5 reasons Labour won 67% of the vote in the East Brighton by-election

22nd February, 2018 6:30 pm

Even though I had watched the ballot papers pile up in my tray at the count, I was still stunned to find we had secured 67% of the vote to hold the ward of East Brighton in the Brighton and Hove City council by-election on 8th February. Here’s how it happened.

1. We knew where the vote was and we found more

We’ve had more than our fair share of by-elections in this ward and although it is traditionally Labour, we never take that for granted – despite what the Lib Dem leaflets say. We always get out and campaign as if it was a marginal seat. We know where our vote is and the high number of postal voters gives us more time to get out the vote. In a winter by-election, we expected to struggle with turnout, but that went up and all the other parties lost votes to us. Some mums outside the school gates told us they voted for the first time in 2017 to get a Labour MP – “it worked,” they said, “so we’re all going to do it again”.

2. Name recognition

East Brighton ward is in the Brighton Kemptown constituency where I stood as the parliamentary candidate in 2015. We ran a campaign up to May 2015 that focused on canvassing, direct mails and media work – it was all about name recognition. That hard work paid off this year and Labour members said that people felt like they knew me.

3. We are part of the community and an effective team

In this ward, we don’t hear “you only come around at election time” – in fact, we door knock so often, we have a sneaky feeling that people leave their Labour posters up for a quieter life. The other two Labour councillors are well-known and have a consistent presence at community meetings. Throughout last summer, the team erected a gazebo on one of the estates where people often feel quite isolated; eventually people came over to chat and got to know us. Labour members volunteer in community cafés and we meet up in them so we bring in business. We talk to people in launderettes, at bus stops, outside schools and in the street – we go to where people are. We pick up issues, solve problems and get back to people – it all adds up and it’s a team effort.

4. We ran a positive campaign about our achievements

We were able to point to concrete achievements our Labour-led council has delivered, including new council homes and our successful fundraising to restore Madeira Terraces on the seafront. Both initiatives were very popular with local residents. We campaigned on what we were going to deliver in the future – regeneration projects and more housing. We came out fighting on the side of the people that live here – to save their bus services and community facilities. People told me they liked how positive and upbeat we were, they liked that we went and spoke to them in person. We rose above the Twitter spats and invitations to criticise other candidates – this campaign was about Labour and the community, because that’s what mattered.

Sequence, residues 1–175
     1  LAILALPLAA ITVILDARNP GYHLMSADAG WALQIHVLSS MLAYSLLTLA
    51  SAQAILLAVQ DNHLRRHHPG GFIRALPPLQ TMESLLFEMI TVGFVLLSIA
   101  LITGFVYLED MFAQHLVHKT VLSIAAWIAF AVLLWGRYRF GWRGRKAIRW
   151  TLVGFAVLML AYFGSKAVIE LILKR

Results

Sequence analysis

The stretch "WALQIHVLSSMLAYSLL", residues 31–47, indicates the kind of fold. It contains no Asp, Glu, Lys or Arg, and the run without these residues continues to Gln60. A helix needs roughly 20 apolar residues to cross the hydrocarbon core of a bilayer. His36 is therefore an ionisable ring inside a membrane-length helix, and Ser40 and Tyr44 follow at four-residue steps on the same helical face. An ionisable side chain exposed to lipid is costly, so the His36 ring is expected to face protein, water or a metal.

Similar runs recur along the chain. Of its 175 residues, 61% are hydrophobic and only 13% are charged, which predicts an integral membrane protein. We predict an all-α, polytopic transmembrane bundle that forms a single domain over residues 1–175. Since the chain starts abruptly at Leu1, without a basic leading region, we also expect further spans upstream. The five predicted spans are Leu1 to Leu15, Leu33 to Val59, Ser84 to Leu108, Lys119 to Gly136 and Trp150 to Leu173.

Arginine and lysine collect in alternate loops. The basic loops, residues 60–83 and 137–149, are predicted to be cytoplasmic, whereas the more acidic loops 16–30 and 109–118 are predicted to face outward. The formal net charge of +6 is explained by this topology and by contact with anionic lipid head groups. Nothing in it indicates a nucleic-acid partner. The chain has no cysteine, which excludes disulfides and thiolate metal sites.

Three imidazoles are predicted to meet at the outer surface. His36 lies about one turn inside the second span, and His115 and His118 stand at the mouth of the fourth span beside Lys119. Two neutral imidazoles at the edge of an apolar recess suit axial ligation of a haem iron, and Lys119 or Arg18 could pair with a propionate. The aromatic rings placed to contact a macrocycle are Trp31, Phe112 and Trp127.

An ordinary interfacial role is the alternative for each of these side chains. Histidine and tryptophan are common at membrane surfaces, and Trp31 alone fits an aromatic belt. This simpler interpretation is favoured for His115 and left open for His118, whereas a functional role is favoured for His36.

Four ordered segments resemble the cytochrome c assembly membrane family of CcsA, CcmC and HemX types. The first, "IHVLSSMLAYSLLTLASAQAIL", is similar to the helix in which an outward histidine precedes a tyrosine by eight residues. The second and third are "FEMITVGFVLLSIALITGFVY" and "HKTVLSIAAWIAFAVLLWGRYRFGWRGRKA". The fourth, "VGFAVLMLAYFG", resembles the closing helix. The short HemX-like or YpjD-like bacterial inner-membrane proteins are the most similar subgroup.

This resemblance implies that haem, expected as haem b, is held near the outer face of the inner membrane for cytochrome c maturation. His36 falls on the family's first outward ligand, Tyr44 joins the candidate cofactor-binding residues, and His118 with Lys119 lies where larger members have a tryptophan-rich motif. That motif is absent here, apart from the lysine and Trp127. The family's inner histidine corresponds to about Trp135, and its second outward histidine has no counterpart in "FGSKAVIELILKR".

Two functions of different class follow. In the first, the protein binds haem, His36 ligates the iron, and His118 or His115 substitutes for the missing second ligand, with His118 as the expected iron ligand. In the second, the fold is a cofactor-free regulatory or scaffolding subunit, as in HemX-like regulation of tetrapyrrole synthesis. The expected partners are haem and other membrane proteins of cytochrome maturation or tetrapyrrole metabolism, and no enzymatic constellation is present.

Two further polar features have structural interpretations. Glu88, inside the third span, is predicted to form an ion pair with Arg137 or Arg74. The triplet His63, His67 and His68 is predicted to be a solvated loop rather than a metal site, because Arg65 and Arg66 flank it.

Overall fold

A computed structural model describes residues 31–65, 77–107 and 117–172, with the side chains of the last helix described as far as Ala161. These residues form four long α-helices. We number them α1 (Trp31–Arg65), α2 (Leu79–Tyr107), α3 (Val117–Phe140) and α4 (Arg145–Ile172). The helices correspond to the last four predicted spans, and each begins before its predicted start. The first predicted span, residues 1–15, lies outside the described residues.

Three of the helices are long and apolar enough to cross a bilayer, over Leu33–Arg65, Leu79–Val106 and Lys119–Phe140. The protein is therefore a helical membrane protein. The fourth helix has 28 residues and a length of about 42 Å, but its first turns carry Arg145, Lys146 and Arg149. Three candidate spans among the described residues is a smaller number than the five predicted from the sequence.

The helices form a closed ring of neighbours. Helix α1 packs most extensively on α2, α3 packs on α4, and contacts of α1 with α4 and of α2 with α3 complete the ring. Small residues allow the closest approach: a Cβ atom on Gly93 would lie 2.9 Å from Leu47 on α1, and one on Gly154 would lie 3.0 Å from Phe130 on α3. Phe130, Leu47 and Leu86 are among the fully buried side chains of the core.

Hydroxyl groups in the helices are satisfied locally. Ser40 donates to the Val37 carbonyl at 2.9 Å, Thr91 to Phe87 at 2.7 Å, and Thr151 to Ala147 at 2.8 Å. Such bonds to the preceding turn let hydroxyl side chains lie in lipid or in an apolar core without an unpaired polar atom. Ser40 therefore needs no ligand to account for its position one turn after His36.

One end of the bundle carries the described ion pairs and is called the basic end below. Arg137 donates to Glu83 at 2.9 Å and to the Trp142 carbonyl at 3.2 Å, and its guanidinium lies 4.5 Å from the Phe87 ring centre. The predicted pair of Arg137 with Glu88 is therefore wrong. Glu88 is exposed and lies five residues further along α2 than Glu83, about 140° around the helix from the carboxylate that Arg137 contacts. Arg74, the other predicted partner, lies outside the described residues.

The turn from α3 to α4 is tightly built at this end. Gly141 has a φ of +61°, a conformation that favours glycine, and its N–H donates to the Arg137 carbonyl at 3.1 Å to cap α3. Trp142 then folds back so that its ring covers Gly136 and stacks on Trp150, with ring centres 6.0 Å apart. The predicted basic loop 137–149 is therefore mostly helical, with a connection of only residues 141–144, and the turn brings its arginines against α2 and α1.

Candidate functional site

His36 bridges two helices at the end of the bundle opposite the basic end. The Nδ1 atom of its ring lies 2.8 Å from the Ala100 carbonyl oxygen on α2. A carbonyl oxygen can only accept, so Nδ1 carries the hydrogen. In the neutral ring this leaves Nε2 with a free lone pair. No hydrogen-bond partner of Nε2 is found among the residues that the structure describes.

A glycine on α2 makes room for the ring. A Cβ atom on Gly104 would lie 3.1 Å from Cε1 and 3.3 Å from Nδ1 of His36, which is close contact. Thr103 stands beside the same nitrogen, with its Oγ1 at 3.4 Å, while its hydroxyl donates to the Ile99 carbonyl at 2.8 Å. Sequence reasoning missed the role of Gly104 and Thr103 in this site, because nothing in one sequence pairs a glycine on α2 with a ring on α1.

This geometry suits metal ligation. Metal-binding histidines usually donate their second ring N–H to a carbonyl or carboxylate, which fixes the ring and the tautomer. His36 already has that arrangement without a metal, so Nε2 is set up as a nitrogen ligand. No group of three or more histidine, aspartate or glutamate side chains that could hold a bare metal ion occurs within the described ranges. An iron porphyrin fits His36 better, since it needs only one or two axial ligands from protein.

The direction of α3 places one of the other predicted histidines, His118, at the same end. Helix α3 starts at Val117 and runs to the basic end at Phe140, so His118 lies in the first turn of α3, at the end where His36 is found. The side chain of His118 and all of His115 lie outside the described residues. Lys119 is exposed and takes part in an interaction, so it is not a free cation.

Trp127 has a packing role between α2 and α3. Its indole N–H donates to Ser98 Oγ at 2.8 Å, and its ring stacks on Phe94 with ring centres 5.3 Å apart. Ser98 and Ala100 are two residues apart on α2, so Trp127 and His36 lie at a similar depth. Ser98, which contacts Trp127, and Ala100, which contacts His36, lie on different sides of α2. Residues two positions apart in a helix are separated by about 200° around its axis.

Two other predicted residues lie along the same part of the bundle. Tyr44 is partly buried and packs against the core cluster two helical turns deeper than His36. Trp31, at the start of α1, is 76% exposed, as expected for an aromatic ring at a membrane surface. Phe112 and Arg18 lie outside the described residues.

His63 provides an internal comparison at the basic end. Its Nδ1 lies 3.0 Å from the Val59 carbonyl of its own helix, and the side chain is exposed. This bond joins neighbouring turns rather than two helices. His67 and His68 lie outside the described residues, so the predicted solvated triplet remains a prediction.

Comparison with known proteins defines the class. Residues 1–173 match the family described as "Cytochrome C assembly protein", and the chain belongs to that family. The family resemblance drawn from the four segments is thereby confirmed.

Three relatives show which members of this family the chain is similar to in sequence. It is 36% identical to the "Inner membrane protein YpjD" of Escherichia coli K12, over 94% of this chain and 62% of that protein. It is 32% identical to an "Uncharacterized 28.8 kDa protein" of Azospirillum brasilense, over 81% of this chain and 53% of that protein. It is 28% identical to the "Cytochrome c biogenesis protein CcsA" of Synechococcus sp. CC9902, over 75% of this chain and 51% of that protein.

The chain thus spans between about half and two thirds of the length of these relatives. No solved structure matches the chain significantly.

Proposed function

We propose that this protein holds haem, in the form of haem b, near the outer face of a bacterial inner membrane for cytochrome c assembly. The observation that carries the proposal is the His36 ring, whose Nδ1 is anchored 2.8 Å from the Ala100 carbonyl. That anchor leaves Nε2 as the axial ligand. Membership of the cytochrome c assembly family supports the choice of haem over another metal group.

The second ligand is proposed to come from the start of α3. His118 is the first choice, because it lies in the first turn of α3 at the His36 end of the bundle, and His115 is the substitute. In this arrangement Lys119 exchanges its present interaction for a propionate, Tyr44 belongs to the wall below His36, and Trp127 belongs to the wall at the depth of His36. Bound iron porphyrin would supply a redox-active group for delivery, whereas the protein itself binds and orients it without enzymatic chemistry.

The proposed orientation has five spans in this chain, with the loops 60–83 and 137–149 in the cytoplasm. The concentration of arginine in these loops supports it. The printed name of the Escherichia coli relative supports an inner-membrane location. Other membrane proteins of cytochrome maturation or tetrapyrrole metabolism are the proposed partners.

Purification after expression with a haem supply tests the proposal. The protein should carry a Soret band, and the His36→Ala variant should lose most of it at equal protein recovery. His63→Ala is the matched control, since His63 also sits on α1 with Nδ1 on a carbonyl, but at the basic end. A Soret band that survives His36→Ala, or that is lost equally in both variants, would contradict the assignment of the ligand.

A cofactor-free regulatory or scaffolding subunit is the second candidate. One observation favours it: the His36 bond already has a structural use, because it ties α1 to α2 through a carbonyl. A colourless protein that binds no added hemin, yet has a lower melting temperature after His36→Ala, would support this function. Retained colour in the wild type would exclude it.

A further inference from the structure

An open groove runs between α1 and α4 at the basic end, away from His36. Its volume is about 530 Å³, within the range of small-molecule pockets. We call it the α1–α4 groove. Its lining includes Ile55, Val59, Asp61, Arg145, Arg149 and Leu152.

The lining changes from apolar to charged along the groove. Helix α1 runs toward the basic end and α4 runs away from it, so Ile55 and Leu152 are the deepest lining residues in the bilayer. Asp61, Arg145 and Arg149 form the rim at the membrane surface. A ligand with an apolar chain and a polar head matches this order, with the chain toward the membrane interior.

5. We were united and proud of our Labour leader

Rumours abound about Labour’s political differences in Brighton and will probably continue because some don’t want to let the truth get in the way of a good story. However, the reality is that all flavours of Labour came out to help and campaign together and we were united. Certainly, the only frustration I witnessed was the poor committee room co-ordinator who had to keep breaking up the party in ‘Barbara’s kitchen café’ on election day.

The huge vote share and higher turnout also reflected the mood of voters. People are fed up with austerity and now know it is a political choice rather than an economic necessity. They have heard what Jeremy Corbyn has to say and he has given them hope for a different future under Labour.

They want to hear us speaking out and fighting to save their services. With wages stagnating and the cost of living soaring, people’s services and quality of life is being driven down. Hope is needed now more than ever.

Nancy Platts is a Labour councillor in East Brighton and a former advisor to Jeremy Corbyn.

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